Don’t waste time wishing the Eurozone mess will all go away. Wol Kolade writes that SMEs who run with it, may just turn a bad situation to an advantage.
The Euro was established amid great fanfare by the provisions in the 1992 Maastricht Treaty. Here was the answer to creating an economy to rival the mighty United States. A union of countries that would enable the freeflow of trade and people by removing the cost of currency fluctuations – one of the major factors that can hamper doing business.
To participate in the currency, member states were given strict criteria, such as a budget deficit of less than three per cent of their GDP, a debt ratio of less than sixty per cent of GDP, low inflation, and interest rates close to the EU average.
And for a while it all seemed to be going so well. Ireland boomed as did the Spanish property sector. Fastforward nearly 20 years however and it appears as though the wheels could be about to come off.
Hindsight being what it is, it is now so easy to see the model was unsustainable. As early as 2004, Greece admitted it joined the euro in 2001 on the basis of figures that showed its budget deficit to be much lower than it really was; that it had actually exceeded the 3 per cent per cent cut-off limit since 1999.
Now that Greece’s massive overspending and poor tax collection is threatening the stability of the whole Eurozone, there can be little hope that this issue will simply sort itself out in the short term. Indeed, with the likes of Portugal, Ireland, Spain and Italy at risk of being contaminated by the spread of sovereign debt contagion, this could be the start of years of currency shocks as ministers’ grapple with the crisis.
Could this be the beginning of the end of the Eurozone? If so, given that the EU is our biggest trading partner, what can an SME do to better cope with the repercussions? The bad news is that there is no one, simple solution that will bomb proof a small business should the Eurozone blow up.
However, there are things that small business owners can do now to mitigate the impact of the turmoil, chief of which is to plan for the long term.
A recent survey by American Express found that nearly three quarters (73 per cent) of UK SMEs believe in an export-led recovery. And yet over half, (56 per cent) also said that their confidence in international trade is diminishing because of concerns over the euro and the resulting currency fluctuations.
It is obviously not possible to avoid currency risk totally, apart from abandoning international sales and simply selling to the UK (not really an option with the realities of weak domestic demand) so, instead, think about ways of hedging against currency movements using mechanisms such as forward contracts which seek to ‘lock in’ an exchange rate – a bit like you do when you get a fixed rate mortgage.
So, having managed your currency risk, the next step is to look abroad for sales. Emerging markets such as Brazil, Russia, India, China – the so-called BRIC nations – have surged ahead in their growth while the West has struggled.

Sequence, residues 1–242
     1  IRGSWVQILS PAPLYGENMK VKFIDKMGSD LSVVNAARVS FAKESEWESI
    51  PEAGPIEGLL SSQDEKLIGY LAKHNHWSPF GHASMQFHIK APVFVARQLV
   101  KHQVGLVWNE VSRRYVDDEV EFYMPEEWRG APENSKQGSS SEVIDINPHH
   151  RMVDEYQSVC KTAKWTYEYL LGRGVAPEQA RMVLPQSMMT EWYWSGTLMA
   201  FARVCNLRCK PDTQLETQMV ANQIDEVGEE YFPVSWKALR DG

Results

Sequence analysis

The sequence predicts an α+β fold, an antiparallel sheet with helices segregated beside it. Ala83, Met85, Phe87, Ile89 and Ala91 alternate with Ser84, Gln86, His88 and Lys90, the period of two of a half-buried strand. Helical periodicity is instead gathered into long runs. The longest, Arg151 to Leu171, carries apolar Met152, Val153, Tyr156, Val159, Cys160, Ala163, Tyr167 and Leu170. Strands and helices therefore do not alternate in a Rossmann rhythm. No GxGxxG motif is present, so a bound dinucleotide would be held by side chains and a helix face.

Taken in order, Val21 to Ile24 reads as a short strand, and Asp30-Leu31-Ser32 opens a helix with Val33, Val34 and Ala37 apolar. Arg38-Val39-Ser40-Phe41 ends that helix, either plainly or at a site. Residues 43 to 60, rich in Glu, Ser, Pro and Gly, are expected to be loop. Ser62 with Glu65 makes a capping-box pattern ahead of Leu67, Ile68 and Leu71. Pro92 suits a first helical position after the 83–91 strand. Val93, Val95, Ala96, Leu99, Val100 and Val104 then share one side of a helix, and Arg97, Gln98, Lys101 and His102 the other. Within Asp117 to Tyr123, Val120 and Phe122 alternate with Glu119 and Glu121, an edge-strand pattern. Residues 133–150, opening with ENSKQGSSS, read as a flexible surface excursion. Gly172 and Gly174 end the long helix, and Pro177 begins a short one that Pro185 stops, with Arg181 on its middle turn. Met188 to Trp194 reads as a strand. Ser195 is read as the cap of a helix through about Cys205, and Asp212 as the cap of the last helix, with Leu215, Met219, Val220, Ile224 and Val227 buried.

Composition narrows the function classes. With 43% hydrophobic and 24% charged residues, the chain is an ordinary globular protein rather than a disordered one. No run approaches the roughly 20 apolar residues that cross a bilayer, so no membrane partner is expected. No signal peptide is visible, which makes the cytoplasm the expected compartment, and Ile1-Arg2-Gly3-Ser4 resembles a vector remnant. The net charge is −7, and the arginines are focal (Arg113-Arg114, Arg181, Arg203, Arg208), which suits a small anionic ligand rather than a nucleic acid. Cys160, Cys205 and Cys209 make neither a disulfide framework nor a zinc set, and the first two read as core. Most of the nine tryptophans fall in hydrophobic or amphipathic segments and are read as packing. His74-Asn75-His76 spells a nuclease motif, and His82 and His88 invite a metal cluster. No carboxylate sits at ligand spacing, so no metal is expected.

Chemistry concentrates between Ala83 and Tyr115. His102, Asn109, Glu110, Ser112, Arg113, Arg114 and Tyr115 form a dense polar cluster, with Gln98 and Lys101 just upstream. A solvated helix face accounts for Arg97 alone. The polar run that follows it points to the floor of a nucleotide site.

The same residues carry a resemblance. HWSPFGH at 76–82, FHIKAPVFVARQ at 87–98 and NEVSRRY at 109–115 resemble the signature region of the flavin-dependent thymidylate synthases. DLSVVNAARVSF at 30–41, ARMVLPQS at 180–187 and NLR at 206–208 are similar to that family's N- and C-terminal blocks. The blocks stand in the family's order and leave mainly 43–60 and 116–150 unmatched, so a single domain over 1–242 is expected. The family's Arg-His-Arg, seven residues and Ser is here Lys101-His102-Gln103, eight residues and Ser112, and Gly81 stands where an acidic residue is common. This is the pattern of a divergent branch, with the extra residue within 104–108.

Could your products sell in these markets? Do some market research (are your competitors expanding into these economies, could you partner with a local firm, are there any supply chain hurdles you would need to address etc) and find out what measures you need to put in place.
If you need further support, the British Chambers of Commerce offer advice on overseas trade and have a number of export marketing research advisers to help you develop your own strategy when selling overseas while the UK Trade & Investment government department arranges forums specifically to help SMEs succeed in selling abroad.
As a private equity firm, growing overseas trading links is a core part of how we help our portfolio companies grow and we have developed strong links with partners around the globe who can help nurture that side of a business.
For a successful SME looking to get to the next stage in its development, the backing of a private equity firm might be the way forward. And, if you think talk of private equity backers and international sales strategies sounds the exclusive domain of big business, think again.
ISIS bought a High Wycombe-based business with 40 staff called Martin Audio back in 2003. The business was a leading player within the UK in the design, assembly and distribution of high-end speakers for use in the touring and theatre markets as well as stadiums, cinemas, bars and nightclubs.
By the time we sold the company four years later to a US buyer called Loud Technologies (note, an overseas buyer), the workforce had grown by half and was successfully working with more than 40 dedicated distributors, serving countries throughout Europe, the Far East, the USA, Australia and other growing markets around the world.
Ultimately, nobody knows exactly how the euro crisis will end. There are those that say that, in the long run, the Eurozone is doomed because countries inevitably look inwards when the chips are down, but I am slightly more optimistic. I think the Eurozone is still a prize worth pursuing but the reality is that it will take years to unpick the mess.
But while governments sort this out, don’t waste time wishing it would all go away. Run with it and you may just turn a bad situation to your advantage.